The Institute of Medicine, a research group supported by federal funding, has just kicked off a 15-month probe of concussions and youth athletes.
The Institute’s website announced that a new ad hoc committee “will conduct a study and prepare a report on sports-related concussions in youth, from elementary school through young adulthood, including military personnel and their dependents.”
As part of its mission the committee “will review the available literature on concussions, in the context of developmental neurobiology, in terms of their causes, relationships to hits to the head or body during sports, effectiveness of protective devices and equipment, screening and diagnosis, treatment and management, and long-term consequences,” said the Institute, which is part of the National Academies of Science.
The committee will hone in on several topics, including:
— The acute, subacute, and chronic effects of single and repetitive concussive and non-concussive head impacts on the brain;
— Risk factors for sports concussion, post-concussive syndrome, and chronic traumatic encephalopathy;
— The spectrum of cognitive, affective, and behavioral alterations that can occur during acute, subacute, and chronic post-traumatic phases
— Physical and biological triggers and thresholds for injury;
— The effectiveness of equipment and sports regulations for prevention of injury;
— Hospital and non-hospital based diagnostic tools
— Treatments for sports concussion
Based on currently available evidence, the report will include findings on those issues and make recommendations to specific agencies and organizations (governmental and non-governmental) on factors to consider when determining the concussive status of a player.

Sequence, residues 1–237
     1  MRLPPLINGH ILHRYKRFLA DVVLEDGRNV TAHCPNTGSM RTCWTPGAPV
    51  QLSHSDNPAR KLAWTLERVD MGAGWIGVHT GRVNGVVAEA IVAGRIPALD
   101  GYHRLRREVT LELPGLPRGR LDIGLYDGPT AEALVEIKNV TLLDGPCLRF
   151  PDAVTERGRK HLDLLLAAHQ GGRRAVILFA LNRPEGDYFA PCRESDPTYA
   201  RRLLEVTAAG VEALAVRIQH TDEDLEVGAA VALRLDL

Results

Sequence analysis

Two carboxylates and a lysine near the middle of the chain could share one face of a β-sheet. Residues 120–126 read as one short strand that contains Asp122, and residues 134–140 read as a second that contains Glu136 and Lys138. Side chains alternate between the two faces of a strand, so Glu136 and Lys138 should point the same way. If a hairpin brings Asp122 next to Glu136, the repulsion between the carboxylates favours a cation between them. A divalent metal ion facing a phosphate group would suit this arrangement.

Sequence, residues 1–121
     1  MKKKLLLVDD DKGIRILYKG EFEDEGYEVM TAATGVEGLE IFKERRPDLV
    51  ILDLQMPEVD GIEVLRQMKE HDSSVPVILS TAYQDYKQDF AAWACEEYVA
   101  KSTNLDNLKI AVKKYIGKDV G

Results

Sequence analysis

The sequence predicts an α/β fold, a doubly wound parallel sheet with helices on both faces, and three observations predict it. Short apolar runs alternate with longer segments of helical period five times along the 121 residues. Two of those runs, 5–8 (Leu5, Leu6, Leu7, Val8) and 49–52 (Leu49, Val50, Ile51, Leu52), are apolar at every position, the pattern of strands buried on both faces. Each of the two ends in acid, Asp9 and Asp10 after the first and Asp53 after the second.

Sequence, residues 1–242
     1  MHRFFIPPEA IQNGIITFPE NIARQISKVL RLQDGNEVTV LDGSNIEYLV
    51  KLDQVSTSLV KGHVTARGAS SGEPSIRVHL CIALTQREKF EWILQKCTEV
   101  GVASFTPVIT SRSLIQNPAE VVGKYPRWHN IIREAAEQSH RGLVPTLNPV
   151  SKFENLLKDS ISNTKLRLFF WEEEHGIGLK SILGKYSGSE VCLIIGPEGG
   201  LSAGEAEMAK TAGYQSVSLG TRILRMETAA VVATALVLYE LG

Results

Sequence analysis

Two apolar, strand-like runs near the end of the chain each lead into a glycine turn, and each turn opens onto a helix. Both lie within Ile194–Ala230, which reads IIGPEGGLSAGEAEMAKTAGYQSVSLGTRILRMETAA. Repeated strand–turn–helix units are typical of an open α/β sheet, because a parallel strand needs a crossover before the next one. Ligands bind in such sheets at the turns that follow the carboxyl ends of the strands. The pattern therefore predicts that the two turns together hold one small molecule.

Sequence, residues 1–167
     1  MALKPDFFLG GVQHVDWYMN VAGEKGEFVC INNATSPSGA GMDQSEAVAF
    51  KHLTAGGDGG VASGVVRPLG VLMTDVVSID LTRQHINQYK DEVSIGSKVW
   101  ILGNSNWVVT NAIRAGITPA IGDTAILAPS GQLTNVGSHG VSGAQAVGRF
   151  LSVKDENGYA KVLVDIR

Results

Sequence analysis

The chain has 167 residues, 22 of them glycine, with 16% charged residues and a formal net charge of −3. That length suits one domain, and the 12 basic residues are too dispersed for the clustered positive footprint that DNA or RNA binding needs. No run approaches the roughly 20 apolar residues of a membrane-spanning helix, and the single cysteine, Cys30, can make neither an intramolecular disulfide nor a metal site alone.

The report will include a section focused on youth sport concussion in military dependents as well as concussion resulting from sports and physical training at Service academies and recruit training for military personnel between the ages of 18 to 21.
The recommendations will be geared toward research funding agencies (such as the National Institutes of Health and the Centers for Diseased Control), legislatures (Congress, state legislatures), state and school superintendents and athletic directors, athletic personnel (athletic directors, coaches, athletic trainers), military personnel (sports medicine providers, athletic trainers, service academy trainers and directors), parents, and equipment manufacturers.
The report will also identify the need for further research to answer questions raised during the study process.
The project is sponsored by the CDC, the Department of Defense, Department of Education, Health Resources and Services Administration, National Athletic Trainers’ Association Research and Education Foundation, National Institutes of Health, and National Foundation for the Centers for Disease Control and Prevention (CDC Foundation). Funding for the study was provided to the CDC Foundation by the National Football League.
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